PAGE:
What does using a fast shutter speed do to an image?

Shutter speed is one of the ways we can control the outcome of an image. We can choose to create motion using slower shutter speeds and we can freeze the motion using faster shutter speeds.

In this article, we’ll talk about fast shutter speed and how it affects your images. Make sure you checkout my new in-depth article The Ultimate Guide to Shutter Speed in Photography for more tips and lots of examples of how shutter speed is used in photography.

Photographing action sports use a very fast shutter speed

Surfer aerial display – (very fast shutter speed to freeze action)

I captured this surfer at his peak – pulling off an aerial maneuver in a local surfing competition (King of the Box). Here I used a very fast shutter speed of 1/1600 sec to freeze the action, shot with a 500mm lens, handheld. Click on the image to see the water droplets close-up.

What is considered a fast shutter speed?

Higher shutter speeds work by opening and closing your shutter quickly. When you are using your shutter speed to freeze motion or capture a moment you’re likely using a shutter speed of 1/125th or higher. When you do this all action and movement in your frame stop or are frozen.

Fisherman silhouetted against the setting sun using a fast shutter speed

Fisherman silhouetted (fast shutter speed)

When photographing people I suggest you use a fast shutter speed to freeze their movement – that’s what I did here. I used 1/200 sec shutter speed to capture this images using a 200mm lens.

When to use fast shutter speed

Anytime you want to capture a split second, mid-movement or stop the action you’ll want to choose a higher shutter speed. If you are photographing sports you’ll want to focus on the person doing the sport so they remain in focus and sharp. Using a shutter speed of 1/1000 sec will completely freeze the action.

Wildlife photography needs a fast shutter speed

Wildlife photography (fast shutter speed)

I photographed this baby elephant in Zimbabwe using a long lens (600mm focal length) and a fast shutter speed of 1/800 sec. The reason I used a fast shutter speed is because I want to freeze the action of the elephant as it was wading out of the water and turning it’s head and ears towards me.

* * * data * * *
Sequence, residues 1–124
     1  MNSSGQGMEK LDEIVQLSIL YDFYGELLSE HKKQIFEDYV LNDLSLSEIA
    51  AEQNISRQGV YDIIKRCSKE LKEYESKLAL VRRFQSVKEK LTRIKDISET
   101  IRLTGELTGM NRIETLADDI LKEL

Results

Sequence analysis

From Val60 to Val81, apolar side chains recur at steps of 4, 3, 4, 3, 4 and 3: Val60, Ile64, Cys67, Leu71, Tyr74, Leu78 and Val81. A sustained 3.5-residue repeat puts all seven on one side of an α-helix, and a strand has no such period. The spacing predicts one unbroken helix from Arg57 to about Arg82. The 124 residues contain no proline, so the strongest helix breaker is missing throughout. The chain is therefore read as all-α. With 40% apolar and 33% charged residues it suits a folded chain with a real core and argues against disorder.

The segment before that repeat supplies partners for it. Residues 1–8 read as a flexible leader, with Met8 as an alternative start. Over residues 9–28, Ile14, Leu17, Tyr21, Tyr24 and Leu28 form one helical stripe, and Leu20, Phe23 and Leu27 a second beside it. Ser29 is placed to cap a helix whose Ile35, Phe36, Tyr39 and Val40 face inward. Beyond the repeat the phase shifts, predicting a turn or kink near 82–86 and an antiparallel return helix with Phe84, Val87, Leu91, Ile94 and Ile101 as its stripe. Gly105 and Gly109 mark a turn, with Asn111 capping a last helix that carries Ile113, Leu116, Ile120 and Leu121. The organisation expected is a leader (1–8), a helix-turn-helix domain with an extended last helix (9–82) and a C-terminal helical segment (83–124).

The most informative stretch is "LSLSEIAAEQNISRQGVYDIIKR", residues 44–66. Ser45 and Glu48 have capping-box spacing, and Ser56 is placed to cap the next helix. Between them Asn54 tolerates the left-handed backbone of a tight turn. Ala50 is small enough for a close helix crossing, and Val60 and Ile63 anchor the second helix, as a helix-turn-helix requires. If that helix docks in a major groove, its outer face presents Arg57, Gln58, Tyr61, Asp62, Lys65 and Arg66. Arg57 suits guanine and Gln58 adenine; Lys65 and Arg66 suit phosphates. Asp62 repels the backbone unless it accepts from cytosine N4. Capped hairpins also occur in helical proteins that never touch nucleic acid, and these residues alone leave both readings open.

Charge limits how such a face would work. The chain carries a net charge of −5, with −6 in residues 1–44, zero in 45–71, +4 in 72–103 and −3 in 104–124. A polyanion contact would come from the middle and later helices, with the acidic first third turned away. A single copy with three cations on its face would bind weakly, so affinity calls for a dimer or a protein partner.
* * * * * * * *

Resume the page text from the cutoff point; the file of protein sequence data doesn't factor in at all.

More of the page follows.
Remember that fast shutter speeds effects exposure

Don’t forget that when using faster shutter speeds, there is less light let in to expose your sensor (film). If you are outside and it’s sunny out, this isn’t an issue.

When photographing indoor events you’ll need to increase your ISO in order to use the shutter speed you want and to allow more light in. Be careful not to use too high of an ISO so that you don’t introduce noise into your images.

Exposure Triangle and how shutter speed, aperture and ISO affects exposure

The exposure triangle

SHUTTER SPEED: A slow shutter speed will let in more light and a fast shutter speed lets in less light. Notice how at 1/15th of a second (very slow shutter speed) the image is a blur and at 1/1000th of a second (very fast shutter speed) the image is very sharp.

Brent’s shutter speeds rule: Double the lens focal length

Want to stop blurry images due to camera shake? The old rule-of-thumb to remember is to keep your shutter speed equal to your focal length when hand-holding your camera. For example, if you’re using a 400mm lens you don’t want your shutter speed any slower than 1/400 to avoid camera shake. I’ve come up with a NEW RULE to be on the safe side and to compensate for non-full-frame-sensor-camera’s… Brent’s Shutter Speed Rule: Use double the shutter speed compared to the focal length of your lens. So if you’re shooting with a 50mm lens then use 1/100 sec shutter speed.

Here are some simple guidelines based on what you are photographing.

  • 1/2000 sec: Use to capture birds in flight
  • 1/1000 sec: Good for photographing sports action
  • 1/500 sec: Capture your kids playing or freezing the motion of a moving car
  • 1/250 sec: Anytime you have people moving, jumping and dancing, this will help stop the action.
  • 1/125 sec: For portraits, this is a good rule of thumb in order to avoid blurred images
  • 1/100 sec: Keeping your camera above this speed helps to avoid any camera shake
  • 1/60 sec: Once you start using 1/60 or less it’s time to get out and use the tripod
  • 1/20 sec: You can use this speed to blur water or people walking
  • 1-3 seconds: Creating blur and smoothing out moving water and waterfalls
  • 21-30 seconds: This is where you can start in order to capture the night sky with stars
  • 10 minutes: To create star trails this is the baseline exposure time.
Bird photography - use a longer lens and fast shutter speed

Bird photography needs fast shutter speed

I photographed this Lilac Breasted Roller in Africa while leading a photo safari. Shot using a 500mm lens (long telephoto lens) and because I was hand-holding my lens I used “Brent’s shutter speed rule” which is 2x the focal length of my lens which equals 1/1000 sec shutter speed.

Check out this comprehensive article…

The Ultimate Guide to Shutter Speed in Photography

Photographing the night sky - you'll need a very sturdy tripod


  • Fast shutter speed freezes the motion in your image.
  • Fast shutter speed is 1/125 sec or faster. 1/1000 sec is super fast shutter speed.
  • Fast shutter speed lets less light into your camera and will effect exposure making your images darker.

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Please leave me a comment below – I’d love to know what you think. Brent

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